I tried so hard and got so far, but despite my best efforts, I am still a judgmental American. Maybe it’s human nature. Maybe it’s American nature. Maybe it’s my nature. Either way, I have found myself judging the norms of other cultures, and I have moderate to severe shame because of it.
I consider myself a pretty liberal and open-minded person. My values and beliefs fall far to the left side of the spectrum, and I have always worked hard to keep an open mind. Yet, when I go abroad, I still catch myself judging some of the differences in other cultures.
You don’t have to spend much time in Asia to see how fervently white skin is valued. It’s common to see women walking around with umbrellas on hot, sunny days or covered head to toe in clothes. At first, these actions might be taken for a health-conscious attitude. They’re simply protecting their skin.
However, step into any drug or makeup store, and you will see nearly every skincare product is combined with properties that whiten the users’ skin. This phenomenon initially caused me both confusion and frustration. I needed moisturizer, and I couldn’t find even one that wouldn’t whiten my skin. I am already a pasty, freckled white girl, I don’t need any help.
My frustration quickly turned into judgment as I questioned why someone would want to bleach their skin in the first place. (I know skin whitening is not a foreign concept in America, but it does not exist nearly on the level that I have observed in Asia)
Eventually, by chance, I somehow found the exact same moisturizer I used in America, but even that had been modified to fit the Asian market. The fine print informed me it now had the added benefit of whitening your skin. In fact, most of the products we are familiar with in America now double as a skin whitening treatment in Asia.
The reasons for skin whitening are complex and extend far into East Asian history. As long ago as the Han Dynasty in China, tan skin was associated with lower-class field workers while pale skin was correlated with wealth and prestige. These associations have continued to ripple through other East Asian countries for thousands of years.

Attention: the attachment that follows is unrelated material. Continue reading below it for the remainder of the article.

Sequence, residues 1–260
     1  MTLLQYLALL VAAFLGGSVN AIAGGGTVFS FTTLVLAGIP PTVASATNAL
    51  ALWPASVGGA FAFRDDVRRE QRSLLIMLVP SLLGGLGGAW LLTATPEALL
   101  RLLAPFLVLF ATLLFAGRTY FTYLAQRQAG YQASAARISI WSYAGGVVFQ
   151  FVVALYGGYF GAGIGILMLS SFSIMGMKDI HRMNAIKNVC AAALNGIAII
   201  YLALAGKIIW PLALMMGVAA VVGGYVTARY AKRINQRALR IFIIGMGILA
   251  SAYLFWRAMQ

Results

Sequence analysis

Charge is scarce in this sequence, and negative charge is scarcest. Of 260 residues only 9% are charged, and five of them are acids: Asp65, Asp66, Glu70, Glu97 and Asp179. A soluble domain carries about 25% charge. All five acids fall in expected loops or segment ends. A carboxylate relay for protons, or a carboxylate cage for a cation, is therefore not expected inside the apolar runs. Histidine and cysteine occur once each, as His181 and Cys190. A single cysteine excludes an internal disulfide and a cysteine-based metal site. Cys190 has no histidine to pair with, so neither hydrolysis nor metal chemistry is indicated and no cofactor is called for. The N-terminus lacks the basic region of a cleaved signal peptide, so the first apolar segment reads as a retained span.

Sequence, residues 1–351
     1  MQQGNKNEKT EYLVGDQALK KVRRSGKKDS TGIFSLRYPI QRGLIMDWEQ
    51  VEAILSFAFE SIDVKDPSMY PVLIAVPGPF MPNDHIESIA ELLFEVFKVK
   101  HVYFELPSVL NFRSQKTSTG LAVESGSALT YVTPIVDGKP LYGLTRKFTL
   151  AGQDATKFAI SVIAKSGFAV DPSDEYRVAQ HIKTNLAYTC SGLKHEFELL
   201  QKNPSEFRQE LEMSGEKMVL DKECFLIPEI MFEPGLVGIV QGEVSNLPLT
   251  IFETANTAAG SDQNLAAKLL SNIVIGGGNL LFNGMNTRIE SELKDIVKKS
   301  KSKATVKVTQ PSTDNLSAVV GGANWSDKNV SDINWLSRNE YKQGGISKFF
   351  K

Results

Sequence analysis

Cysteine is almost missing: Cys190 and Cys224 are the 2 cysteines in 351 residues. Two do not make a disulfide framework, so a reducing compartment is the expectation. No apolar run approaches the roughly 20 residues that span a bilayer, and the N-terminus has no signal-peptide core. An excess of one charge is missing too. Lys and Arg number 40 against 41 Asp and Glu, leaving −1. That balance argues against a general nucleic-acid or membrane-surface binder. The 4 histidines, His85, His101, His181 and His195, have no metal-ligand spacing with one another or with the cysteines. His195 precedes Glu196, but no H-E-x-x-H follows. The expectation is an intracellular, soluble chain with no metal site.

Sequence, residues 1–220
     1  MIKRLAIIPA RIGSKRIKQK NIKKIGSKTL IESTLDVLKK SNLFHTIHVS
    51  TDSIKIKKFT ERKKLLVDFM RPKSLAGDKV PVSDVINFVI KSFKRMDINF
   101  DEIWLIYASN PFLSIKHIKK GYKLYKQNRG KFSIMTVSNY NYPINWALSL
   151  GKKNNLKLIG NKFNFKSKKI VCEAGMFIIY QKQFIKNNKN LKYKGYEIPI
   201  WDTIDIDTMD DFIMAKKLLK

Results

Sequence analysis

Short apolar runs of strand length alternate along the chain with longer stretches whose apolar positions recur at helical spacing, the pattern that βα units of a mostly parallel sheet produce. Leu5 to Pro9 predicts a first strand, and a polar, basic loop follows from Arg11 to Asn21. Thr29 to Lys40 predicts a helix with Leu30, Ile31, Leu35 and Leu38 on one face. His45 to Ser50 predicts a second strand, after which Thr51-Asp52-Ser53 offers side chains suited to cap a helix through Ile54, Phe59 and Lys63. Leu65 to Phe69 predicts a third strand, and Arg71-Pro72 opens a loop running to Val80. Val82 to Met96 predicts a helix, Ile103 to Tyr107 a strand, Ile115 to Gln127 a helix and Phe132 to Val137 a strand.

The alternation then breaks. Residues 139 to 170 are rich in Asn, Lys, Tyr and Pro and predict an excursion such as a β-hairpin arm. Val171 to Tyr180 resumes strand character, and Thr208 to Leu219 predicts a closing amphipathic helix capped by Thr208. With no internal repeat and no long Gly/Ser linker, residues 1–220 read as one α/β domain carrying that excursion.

As for why these norms still exist today? Some people infer that because western culture holds much of the wealth of the world, and is populated by mostly white people, the same effect is taking place. Standard (white) “beauty” is still being associated with the wealth and privilege held by predominantly white nations, so the desire to be pale remains. Others say it is both the influences of history and western culture. However, I am obviously not an expert, so I leave you to your own evaluations.
Regardless of its history, I spent most of the days following my moisturizing debacle riding my judgment train. I’m not proud of it, but I am also human.
It took me far too long to realize that Americans aren’t any better. The only difference is Americans work hard for tanner skin, not whiter skin. We go lay outside with oil on, use lotions that darken our skin and pay money to be put in a tube that does the sun’s work for a deadlier price. We see airbrushed models on billboards and go to similar lengths to assimilate to a standard of “beauty” we believe we should exhibit.
Obviously, America’s animosities towards someone’s skin tone are much more complex and serious than just the simple actions listed above. So complex, in fact, that I am not going to attempt to articulate them in this short piece. It also goes without saying that not everyone conforms to these behaviors, but enough people do that there are billion-dollar industries built around maintaining these “beauty” standards.
THE POINT IS, I was judgmental, and I’m annoyed that I was judgmental. Despite my best efforts to have an open mind, I failed (what a concept). I am still working to withhold judgment of things I am unfamiliar with when traveling. You know, “seek first to understand” and all that good stuff.
A large part of understanding a culture comes through self-education. Lately, I have been more diligent in researching a country’s history so that I can better understand how and why their norms evolved. I’ve already learned a lot and have recently become kind of obsessed with Vietnamese History.
No matter how hard I try, I will fall short in understanding why some things are the way that they are. For example, I still find myself fighting the urge to flip a table when I see people leave their trash everywhere after exiting a restaurant or coffee shop. Apparently, it’s normal, and employees don’t appear upset by it, but it KILLS me. I mean WHO throws sunflower seeds ALL over the floor of a restaurant then walks away?! I just don’t get it, and it’s possible I never will. But I don’t think that makes me a bad person. It just makes me a judgemental person who likes to clean up after herself.